Wednesday, October 27, 2010

Love Letters as Objects

I asked Samantha Sheesley, Conservator at the Conservation Center for Art and Historic Artifacts, for her thoughts about the June and Art love letters – not the content, but the physical objects themselves.

According to Sam, both June and Art wrote on commonly available machine-made wove paper, usually with a linen texture.  June tended to use matching envelopes.  Art’s envelopes rarely matched and were frequently of cheaper, more acidic quality than the letters.  All the paper involved, both the letters and the envelopes, were originally a brighter white and are now moving toward a yellowish-brown color, typical of discoloration from inherent acidity and exposure to light.

There are ways of slowing the degradation of the letters – such as storing them at a cool uniform temperature, keeping them in the dark, and storing them with microchamber paper which contain zeolites (molecular sieves to trap pollutants) – but slowing the degradation process is the best that you can hope for.  In Sam’s words, there’s “lots of inherent vice built into modern material.”

June and Art usually wrote with ballpoint pens, which were just becoming popular in the late 1940s.  June’s pens tended to leave unsightly blots of ink on the paper which often bleed through to the other side.  Sam says the paper in these blotted areas may be slightly weaker than the surrounding paper, but proper storage and safe handling practices will help to prevent additional damages.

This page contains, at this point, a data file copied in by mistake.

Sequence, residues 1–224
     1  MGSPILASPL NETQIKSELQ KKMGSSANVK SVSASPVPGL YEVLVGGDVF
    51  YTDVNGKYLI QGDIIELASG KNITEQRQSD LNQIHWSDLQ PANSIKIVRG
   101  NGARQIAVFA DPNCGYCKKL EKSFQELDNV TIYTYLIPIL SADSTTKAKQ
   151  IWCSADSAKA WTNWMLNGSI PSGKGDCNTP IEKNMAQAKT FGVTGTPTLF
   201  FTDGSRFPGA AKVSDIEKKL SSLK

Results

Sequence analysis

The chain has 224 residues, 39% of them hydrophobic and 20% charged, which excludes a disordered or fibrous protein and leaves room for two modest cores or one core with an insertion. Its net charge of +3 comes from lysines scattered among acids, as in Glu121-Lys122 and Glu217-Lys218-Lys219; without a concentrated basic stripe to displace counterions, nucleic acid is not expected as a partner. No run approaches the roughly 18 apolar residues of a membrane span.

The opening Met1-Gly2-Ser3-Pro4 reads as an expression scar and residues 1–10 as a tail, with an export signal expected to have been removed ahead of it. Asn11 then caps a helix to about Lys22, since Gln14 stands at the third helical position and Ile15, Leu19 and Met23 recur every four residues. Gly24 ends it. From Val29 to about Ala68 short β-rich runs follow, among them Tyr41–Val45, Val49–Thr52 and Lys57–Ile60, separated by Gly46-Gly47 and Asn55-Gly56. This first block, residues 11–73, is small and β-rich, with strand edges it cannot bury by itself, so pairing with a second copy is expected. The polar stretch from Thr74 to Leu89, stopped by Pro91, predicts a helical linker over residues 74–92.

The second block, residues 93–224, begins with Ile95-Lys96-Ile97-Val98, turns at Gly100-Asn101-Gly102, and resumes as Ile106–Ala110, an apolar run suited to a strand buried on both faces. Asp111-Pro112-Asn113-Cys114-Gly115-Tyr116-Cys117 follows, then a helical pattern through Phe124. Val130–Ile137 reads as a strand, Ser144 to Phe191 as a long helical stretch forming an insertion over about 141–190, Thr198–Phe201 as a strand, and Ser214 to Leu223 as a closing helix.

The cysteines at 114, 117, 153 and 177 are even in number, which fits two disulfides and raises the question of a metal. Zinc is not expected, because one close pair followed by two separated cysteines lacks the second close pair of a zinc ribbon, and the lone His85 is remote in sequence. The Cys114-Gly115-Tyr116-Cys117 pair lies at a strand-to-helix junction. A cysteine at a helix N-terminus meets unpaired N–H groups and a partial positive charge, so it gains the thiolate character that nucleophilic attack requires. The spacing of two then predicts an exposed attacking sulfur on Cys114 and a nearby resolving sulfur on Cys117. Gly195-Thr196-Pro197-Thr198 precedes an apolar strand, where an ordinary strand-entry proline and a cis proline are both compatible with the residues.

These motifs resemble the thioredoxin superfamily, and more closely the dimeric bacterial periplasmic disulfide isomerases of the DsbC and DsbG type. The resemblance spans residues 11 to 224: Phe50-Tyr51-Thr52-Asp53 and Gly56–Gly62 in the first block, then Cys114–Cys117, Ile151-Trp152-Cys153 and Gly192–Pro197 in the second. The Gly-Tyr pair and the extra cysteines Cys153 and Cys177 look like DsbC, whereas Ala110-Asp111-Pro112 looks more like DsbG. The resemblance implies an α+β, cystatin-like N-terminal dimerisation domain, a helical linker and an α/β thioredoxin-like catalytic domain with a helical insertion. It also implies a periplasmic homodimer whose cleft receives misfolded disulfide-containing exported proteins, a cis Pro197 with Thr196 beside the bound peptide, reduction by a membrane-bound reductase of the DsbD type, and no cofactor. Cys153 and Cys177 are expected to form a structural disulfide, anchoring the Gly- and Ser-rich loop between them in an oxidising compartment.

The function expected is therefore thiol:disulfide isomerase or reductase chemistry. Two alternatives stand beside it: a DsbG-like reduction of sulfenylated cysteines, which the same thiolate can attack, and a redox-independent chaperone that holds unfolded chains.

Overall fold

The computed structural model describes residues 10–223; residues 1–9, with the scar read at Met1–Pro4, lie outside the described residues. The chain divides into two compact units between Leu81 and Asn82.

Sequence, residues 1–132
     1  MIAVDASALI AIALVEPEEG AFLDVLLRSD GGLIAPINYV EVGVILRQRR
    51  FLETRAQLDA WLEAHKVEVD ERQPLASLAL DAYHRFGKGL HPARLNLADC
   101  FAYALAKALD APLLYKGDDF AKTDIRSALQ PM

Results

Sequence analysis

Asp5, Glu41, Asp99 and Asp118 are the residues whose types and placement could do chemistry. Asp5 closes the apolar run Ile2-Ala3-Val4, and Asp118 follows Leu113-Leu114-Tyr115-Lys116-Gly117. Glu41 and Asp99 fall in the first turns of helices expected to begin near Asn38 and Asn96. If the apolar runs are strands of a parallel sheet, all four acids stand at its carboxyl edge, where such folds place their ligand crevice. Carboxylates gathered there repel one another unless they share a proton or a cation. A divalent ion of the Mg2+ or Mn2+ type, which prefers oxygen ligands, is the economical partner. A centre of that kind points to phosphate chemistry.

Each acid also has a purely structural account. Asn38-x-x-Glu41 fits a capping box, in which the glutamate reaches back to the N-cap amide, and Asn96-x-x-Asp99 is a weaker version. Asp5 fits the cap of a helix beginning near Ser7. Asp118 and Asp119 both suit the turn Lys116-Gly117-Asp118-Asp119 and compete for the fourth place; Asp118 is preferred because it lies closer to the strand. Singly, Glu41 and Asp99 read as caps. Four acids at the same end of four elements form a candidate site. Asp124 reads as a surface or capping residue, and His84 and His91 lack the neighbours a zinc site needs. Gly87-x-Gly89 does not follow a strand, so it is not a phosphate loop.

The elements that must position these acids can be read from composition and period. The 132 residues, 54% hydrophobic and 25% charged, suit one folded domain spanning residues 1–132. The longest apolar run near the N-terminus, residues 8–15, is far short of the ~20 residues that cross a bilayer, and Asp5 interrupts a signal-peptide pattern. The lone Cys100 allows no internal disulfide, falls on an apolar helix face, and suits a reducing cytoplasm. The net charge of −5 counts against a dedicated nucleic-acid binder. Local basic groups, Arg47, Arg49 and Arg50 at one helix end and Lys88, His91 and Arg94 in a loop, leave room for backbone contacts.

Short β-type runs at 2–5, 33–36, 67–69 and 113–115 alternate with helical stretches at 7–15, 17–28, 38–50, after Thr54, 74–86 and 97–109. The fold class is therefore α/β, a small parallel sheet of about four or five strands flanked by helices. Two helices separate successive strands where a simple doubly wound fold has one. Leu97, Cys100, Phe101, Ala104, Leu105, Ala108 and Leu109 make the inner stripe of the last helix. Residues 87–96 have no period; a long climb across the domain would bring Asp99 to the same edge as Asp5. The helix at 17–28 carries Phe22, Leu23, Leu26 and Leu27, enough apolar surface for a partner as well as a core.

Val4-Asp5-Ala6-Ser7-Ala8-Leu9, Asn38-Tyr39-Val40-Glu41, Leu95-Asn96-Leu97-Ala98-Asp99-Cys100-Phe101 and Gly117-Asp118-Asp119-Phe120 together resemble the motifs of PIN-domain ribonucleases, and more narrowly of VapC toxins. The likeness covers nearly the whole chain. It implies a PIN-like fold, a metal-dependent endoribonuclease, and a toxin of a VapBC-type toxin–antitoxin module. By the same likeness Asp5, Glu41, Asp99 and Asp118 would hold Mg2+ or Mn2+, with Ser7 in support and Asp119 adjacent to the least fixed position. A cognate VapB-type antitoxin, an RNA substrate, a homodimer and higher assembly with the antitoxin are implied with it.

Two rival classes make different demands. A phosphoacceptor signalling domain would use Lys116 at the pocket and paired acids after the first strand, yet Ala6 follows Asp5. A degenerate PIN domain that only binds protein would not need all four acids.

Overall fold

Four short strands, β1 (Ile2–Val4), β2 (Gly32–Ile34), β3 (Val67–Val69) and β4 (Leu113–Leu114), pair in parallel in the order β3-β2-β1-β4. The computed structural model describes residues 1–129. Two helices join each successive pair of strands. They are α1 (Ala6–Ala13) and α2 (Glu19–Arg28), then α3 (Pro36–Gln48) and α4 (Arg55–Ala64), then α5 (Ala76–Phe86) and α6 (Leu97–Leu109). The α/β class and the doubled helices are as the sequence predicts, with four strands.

In the June and Art blog, I’ve removed most of June’s endless problems with pens.  But since we're on the subject of pens, here are some of June's thoughts:

“(darn pen!)”

“(the pen leaks, too)”

“As you can see, I’m back to my old pen again.  Shirl’s sister is using hers.”

“I hate this pen, don’t you?”

“How do you like the ink?  I bought some Parker’s Superchrome Ink today – it’s special for these pens.  I’ve meant to buy some ever since you gave me the pen.  I really think it writes smoother with this ink.”

 “I just filled this pen and as usual got ink all over it.  Not having a blotter, Shirl told me to wipe it on the couch.  I refused, saying, ‘No, I’m going to be neat about this.’  With that, I grabbed the nearest paper bag and wiped the pen on that.  It’s fine, except that the pretzels fell out on the floor and Shirl had the last laugh.”

And, on receiving a pen as a gift from Art:

“Does the writing look any different to you?  (I’m confused on how to fill this pen.  I’m not even sure if it’s right this time – it takes me awhile to figure these things out.)  I should have waited until tomorrow, but gee, it got here today and how could I wait?  Oh, it writes so nice and easy – I don’t need to press at all – it just glides along.  Looks like I got it filled this time, hmmmm?  Or maybe I shouldn’t mention that so soon.  Do you realize this is the first time I’ve ever written you
with my own pen?  I’ve always used Shirl’s and that you have to dip into the ink all the time.  Thank you so much.”

© 2010 Lee Price

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